Yale Humanist Community Applies for Official Recognition from Campus Ministries… and Gets Rejected October 7, 2013

Yale Humanist Community Applies for Official Recognition from Campus Ministries… and Gets Rejected

When the Yale Humanist Community formed last year, they were hoping to eventually become one of Yale’s Religious Ministries — given the same sort of credibility and weight, so to speak, as the Roman Catholic, Quaker, Sikh, Hindu, Baptist, etc. communities. Yes, they were non-religious, but they offered many of the same benefits to students as the other groups did, provided a solid foundation and identity for non-religious students on campus, and sought to become a part of the larger dialogue about faith on campus.

Unfortunately, they recently received word that their application was rejected:

“We had a good discussion at that time, and individuals expressed thoughtful concerns, positive feedback and diverse wise counsel to me,” said University Chaplain Sharon Kugler in an email to the News. “[But] after much discernment, I decided that the nonreligious nature of the YHC did not fit with membership in a group with explicitly religious self-definition.”

some members of the humanist community felt that YRM’s lack of recognition deprives the YHC of a valuable platform. Before Kugler’s decision was announced, [YHC director of operations Paul] Chiariello expressed hope that official University recognition could help dispel some general misconceptions about humanism.

It’s a disappointment, even if you believe atheists shouldn’t be involved in anything “interfaith.” Not because the atheists won’t be there for the students but because their office won’t carry the official title, whatever that might mean.

(Incidentally, the Harvard Chaplains include the Humanists without a problem.)

Chris Stedman, the YHC’s Coordinator of Humanist Life, issued this response on the group’s website:

Unfortunately, we were not granted membership to the YRM because we explicitly identify as a nonreligious organization. But this decision in no way changes any of the above statements. We will continue in our work to build a community for the nonreligious at Yale and beyond, and we will continue to seek out opportunities for collaboration with religious communities at Yale and beyond.

Though this is not the outcome we had hoped for, it does not dampen our enthusiasm for Humanist community at Yale, nor does it alter our aspirations. We remain dedicated to building a relationship of goodwill with the Yale Chaplain’s Office, and to collaborating with them as much as possible. There is much more work to be done, and we are just getting started. From the very beginning of the YRM membership application process I saw our application as the start of a new and exciting conversation — regardless of the outcome. Today, I remain eager to advance that conversation about community, support, and resources for the nonreligious at Yale.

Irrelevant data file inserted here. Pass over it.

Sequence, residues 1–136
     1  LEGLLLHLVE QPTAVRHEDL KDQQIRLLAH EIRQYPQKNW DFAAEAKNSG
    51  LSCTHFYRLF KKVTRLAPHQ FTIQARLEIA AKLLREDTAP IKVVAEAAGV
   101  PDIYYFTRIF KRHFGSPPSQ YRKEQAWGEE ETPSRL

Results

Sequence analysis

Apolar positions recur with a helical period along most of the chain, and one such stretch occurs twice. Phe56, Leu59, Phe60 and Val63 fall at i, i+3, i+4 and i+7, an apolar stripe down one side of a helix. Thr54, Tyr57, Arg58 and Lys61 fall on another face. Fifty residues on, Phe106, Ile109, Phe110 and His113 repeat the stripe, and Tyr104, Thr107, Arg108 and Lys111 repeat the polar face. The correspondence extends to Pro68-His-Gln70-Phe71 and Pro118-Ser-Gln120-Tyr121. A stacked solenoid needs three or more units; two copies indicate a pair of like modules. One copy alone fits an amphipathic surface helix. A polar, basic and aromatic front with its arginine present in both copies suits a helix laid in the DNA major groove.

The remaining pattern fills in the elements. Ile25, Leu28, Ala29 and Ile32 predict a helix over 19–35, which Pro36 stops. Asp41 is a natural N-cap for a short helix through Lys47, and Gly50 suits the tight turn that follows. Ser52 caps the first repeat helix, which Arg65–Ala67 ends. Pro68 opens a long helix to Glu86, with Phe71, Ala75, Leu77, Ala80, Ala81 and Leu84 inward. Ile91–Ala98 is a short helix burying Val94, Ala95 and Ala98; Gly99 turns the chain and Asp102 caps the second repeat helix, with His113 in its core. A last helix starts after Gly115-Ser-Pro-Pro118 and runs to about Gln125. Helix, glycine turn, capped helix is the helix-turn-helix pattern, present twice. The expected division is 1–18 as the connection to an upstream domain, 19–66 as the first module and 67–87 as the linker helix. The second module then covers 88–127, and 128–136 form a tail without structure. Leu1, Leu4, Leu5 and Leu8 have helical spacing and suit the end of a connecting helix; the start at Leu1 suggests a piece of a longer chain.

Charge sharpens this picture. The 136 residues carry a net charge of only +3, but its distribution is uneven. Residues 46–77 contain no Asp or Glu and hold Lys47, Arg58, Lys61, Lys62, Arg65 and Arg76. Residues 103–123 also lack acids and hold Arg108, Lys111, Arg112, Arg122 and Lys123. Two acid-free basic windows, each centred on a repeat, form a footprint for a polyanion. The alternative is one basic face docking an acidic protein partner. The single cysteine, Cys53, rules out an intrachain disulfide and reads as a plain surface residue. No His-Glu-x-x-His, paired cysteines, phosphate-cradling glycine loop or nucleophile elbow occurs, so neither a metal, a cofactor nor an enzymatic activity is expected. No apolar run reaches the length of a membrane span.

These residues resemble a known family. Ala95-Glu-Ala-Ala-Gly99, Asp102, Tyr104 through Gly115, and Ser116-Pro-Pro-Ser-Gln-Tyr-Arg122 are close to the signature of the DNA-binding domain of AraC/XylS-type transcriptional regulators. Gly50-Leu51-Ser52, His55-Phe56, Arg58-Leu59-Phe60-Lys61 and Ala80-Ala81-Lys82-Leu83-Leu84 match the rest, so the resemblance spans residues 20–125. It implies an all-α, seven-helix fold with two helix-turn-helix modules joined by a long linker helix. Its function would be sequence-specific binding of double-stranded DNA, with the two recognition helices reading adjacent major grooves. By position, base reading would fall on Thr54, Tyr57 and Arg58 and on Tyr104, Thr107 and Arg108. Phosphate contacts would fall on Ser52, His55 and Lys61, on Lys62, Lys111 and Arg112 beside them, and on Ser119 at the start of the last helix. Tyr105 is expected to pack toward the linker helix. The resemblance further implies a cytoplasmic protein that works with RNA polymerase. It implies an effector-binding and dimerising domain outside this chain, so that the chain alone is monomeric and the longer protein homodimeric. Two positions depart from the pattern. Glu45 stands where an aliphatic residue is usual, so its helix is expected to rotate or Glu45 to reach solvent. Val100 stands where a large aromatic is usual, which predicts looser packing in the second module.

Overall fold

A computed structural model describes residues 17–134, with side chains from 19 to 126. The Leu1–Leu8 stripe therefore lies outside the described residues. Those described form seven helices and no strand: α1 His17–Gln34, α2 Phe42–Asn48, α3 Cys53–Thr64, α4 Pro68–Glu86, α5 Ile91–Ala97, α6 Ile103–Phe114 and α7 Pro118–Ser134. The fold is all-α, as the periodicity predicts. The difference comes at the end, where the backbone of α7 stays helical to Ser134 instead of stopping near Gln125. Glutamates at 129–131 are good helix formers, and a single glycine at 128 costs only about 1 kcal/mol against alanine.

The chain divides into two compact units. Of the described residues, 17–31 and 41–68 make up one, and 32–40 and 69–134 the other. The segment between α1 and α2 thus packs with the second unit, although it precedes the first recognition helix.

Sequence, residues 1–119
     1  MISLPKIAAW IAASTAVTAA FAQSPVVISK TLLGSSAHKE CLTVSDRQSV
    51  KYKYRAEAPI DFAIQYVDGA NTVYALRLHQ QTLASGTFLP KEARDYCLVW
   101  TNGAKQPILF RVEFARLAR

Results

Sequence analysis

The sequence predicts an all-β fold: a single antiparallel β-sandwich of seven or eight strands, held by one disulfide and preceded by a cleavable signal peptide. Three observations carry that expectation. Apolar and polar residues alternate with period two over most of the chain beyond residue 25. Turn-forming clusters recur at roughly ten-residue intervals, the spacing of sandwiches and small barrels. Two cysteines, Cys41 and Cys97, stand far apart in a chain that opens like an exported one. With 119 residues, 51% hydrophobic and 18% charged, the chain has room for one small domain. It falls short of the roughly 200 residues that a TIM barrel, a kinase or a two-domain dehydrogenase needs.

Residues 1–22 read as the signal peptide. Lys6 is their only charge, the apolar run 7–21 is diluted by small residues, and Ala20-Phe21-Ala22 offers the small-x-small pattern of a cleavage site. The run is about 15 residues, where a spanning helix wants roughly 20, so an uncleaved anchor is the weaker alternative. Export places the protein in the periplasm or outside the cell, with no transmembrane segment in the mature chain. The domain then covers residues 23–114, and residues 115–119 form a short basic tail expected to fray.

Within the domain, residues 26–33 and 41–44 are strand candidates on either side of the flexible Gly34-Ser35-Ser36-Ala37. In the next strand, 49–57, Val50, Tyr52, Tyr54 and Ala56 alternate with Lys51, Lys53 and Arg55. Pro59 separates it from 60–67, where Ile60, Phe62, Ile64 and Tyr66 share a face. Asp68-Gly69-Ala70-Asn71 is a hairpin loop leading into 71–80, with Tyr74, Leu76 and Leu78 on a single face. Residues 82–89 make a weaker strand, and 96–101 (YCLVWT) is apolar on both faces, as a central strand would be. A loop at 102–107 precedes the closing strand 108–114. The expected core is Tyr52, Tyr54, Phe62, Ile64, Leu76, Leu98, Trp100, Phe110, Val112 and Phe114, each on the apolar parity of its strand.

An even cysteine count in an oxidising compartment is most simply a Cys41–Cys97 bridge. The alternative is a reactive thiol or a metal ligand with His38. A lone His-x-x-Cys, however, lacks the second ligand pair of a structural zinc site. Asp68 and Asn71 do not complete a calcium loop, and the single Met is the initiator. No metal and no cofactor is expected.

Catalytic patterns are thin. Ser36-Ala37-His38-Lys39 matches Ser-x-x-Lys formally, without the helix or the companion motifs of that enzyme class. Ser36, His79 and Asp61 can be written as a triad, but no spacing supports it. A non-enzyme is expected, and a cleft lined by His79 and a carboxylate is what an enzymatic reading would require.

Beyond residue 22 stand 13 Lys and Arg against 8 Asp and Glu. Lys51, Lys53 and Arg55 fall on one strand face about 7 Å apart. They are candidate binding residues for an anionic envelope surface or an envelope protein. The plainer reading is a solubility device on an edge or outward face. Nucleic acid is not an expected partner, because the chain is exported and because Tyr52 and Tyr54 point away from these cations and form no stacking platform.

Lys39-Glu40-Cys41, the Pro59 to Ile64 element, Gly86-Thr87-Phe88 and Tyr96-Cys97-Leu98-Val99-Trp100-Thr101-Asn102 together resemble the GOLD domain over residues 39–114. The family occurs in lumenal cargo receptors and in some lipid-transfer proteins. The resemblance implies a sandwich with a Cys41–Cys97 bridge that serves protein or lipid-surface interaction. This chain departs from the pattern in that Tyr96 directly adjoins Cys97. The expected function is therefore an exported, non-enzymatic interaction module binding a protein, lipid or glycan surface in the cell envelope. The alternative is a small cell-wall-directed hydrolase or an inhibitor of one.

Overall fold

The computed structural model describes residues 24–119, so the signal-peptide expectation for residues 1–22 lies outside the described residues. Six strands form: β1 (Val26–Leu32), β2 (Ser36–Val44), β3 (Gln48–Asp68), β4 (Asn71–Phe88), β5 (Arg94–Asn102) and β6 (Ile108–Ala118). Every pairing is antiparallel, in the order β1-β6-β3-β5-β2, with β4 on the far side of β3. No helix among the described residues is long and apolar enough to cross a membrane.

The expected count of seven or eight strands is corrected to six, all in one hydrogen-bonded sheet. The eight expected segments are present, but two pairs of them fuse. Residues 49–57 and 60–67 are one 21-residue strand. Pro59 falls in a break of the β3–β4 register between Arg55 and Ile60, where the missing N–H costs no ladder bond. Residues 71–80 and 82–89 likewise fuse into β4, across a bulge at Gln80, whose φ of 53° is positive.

When even Chris Stedman gets rejected from something that’s supposed to be “interfaith,” you know atheists have an uphill battle. It’s the same sort of backwards thinking we’ve seen in the military, where atheist soldiers have needs that religious chaplains just can’t properly address. Instead of opening the door a little wider to make things better for everyone, they’re sticking by their definition of what a chaplaincy ought to be and believing in God is a prerequisite.

I just don’t understand what Yale Religious Ministries stands to lose by accepting the YHC into its fold.

I asked Chris what the YHC plans to do in the future — will they apply again in the future? — and he said this via email:

While we certainly aren’t ruling out the possibility of reapplying at some point down the road, that’s a conversation that’s internal to the Yale Humanist Community Board right now. Currently, our primary focus is on continuing our work with the community of atheists, agnostics, and the nonreligious at and around Yale — on demonstrating through this work that we are in fact a valuable resource and an integral aspect of diversity at Yale — and on expanding our relationship with the Yale Chaplain’s Office.

We will work with [the Yale Chaplain’s Office] to ensure that all students are served, and represented, in responses to crisis or tragedy on campus. We will also co-sponsor interfaith dialogue and community service events.

By the way, Chris will be inducted as a Davenport College Fellow this week, which represents a formal affiliation with Yale on an individual level, which is at least a step in the right direction.

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